I remember an anecdotal story about the ultra-liberal Bishop Kenneth Untener of Saginaw, MI. Untener was a promoter of married-priests, and when he heard that the Vatican was not as willing to entertain the concept of married priests as he had hoped, he said, "Well then, I will just reject all our applicants to the seminary and cut off the supply of new priests until I can starve them into accepting a married priesthood."

I don't know what is going on in Vienna, but this is tragic news indeed. The Catholic leaves that flourished and covered the land of Austria in beauty and piety are withering and falling from a dying tree in the onset of a new winter of unbelief. This is hardly a new Springtime!


Steve "scotju" Dalton said...

Lord, when will this current generation of destructive bishops and priest die off?

Titus said...

I saw this as well, but I'm not sure it necessarily connotes the actual closure of buildings. The parish is an administrative and juridic division, not just a church building. It's entirely possible that some of these new parishes will maintain the use of multiple structures.

Of course, it's also entirely possible that it will be a complete train wreck. This guy may be the most overrated individual in the College of Cardinals.

Boniface said...

Well, that would be a cluster. He does not say he is clustering parishes, but closing them.

Fr. Joseph said...

A parish that has multiple Churches in which Masses are regularly, i.e., every Sunday, even week days as well, is not thereby a parish cluster.

A parish cluster is a union of several parishes, each of which is its own juridic person, even if they share the same pastor, and even if they share some central administration.

I am a priest of the diocese of Vienna. The proposed plan in the diocese does involve closing, or perhaps more accurately, merging parishes (if the larger, combined parish juridically takes on all responsibilities of the former parishes, it seems more accurate to describe the parishes as being merged into one bigger parish rather than being simply closed.) But it does not involve ceasing to celebrate Mass in those Churches. They may no longer be canonically the parish Church, but Mass would still be regularly said in many of those Churches.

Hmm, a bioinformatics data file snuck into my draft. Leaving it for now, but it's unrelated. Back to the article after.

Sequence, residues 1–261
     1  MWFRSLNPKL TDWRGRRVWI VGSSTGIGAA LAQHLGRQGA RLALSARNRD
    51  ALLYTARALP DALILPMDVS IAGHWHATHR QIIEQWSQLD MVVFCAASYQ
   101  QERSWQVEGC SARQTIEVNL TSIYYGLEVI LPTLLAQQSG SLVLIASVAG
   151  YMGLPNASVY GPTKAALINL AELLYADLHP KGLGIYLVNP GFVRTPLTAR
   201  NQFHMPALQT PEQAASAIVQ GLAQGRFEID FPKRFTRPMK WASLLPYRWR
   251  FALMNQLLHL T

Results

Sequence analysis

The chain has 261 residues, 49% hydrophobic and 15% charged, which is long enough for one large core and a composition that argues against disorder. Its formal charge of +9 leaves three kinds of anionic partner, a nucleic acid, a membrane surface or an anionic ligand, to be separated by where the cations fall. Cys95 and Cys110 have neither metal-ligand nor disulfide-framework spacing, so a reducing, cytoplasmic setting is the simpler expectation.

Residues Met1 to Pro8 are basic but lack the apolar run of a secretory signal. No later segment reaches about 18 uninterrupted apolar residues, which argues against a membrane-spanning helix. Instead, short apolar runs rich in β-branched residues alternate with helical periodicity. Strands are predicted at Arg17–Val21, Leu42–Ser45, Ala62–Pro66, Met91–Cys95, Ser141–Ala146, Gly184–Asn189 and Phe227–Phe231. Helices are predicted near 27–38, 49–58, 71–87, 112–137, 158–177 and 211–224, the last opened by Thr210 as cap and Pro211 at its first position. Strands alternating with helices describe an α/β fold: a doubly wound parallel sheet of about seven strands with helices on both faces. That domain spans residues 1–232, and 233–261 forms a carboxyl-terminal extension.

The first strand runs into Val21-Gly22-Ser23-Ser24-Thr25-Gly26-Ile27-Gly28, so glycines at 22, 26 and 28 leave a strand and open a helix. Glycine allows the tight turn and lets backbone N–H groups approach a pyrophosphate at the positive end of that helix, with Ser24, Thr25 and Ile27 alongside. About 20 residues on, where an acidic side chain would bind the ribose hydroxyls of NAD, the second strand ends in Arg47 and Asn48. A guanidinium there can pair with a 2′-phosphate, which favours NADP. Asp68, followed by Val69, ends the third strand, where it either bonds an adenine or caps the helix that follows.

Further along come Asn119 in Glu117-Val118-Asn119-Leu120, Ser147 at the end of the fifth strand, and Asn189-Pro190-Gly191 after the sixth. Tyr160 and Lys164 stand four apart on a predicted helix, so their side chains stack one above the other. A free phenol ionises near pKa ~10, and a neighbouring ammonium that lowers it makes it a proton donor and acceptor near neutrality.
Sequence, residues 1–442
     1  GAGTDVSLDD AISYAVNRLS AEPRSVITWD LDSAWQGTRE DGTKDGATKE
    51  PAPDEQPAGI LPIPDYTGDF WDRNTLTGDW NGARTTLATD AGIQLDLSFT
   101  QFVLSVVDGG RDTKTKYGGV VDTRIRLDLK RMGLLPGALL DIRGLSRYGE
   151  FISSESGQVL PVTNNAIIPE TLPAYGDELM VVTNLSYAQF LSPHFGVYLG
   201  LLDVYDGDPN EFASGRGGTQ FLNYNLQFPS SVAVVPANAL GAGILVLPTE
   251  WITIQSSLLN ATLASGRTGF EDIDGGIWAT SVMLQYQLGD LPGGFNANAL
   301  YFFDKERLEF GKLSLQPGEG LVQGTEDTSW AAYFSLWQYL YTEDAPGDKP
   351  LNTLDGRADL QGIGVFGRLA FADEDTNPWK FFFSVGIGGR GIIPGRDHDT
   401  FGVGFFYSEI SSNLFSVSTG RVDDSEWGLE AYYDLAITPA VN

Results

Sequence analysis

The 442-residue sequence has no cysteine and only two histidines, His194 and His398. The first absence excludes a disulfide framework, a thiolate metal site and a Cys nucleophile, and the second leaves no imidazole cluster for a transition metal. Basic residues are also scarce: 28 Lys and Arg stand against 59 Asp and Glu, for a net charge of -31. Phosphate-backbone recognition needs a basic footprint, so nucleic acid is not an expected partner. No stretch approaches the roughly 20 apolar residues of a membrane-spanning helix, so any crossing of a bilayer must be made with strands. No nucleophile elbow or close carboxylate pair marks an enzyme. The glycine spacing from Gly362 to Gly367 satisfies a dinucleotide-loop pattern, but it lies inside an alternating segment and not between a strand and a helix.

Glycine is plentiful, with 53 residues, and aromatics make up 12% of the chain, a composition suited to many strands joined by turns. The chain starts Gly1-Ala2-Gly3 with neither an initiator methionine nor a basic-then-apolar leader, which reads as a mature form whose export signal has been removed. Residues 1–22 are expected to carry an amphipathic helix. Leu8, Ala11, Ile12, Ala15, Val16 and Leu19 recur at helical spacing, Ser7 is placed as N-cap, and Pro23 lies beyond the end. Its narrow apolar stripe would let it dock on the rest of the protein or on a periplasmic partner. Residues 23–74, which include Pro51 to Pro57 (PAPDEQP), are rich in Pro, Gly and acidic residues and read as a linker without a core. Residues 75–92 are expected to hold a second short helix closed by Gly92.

That said, there will surely be some smaller Churches in which Mass is no longer said, or not said as frequently. If that were not the case, the merging would do little to alleviate a "priest shortage", except perhaps inasmuch as there are many priests who aren't suited to be pastors in full charge of a parish, but only assistant pastors.

There are definitely some advantages to the plan, but I'm not convinced it's the best way to deal with the situation.

haskovec said...

Perhaps some of this is just facing the fact that unfortunately the young generation in Europe doesn't seem to be continuing in the faith and the Bishop is recognizing this and being forced to consolidate to save money. I can say when I have gone to mass in Europe in places like Spain and Italy in many of the neighborhood parishes it is a few very old people, my wife and I, and maybe one other young couple and that is it (St Peter's Basicila in Rome exempted as that was full of everyone as was St Mark's in Venice on Palm Sunday)

SemperIdem said...

Schönborn is destroying the Church in Vienna...

Anonymous said...

Perhaps, giving the Cardinal every benefit of the doubt, he is doing so in response to the tragedy of his disobedient and dissenting priests.

Were I him, I would reduce the number of parishes, promote orthodox pastors, and send the dissenting priests to tend to parishes under the eyes of my pastors and to offer masses w/o homilies, or only pre-approved ones. They would also live much more frugally.

Then, when they get sick of it and leave, I bring out my orthodox seminarians and invite those from the FSSP and such, to renew the closed or restricted parishes.

It could be done...but?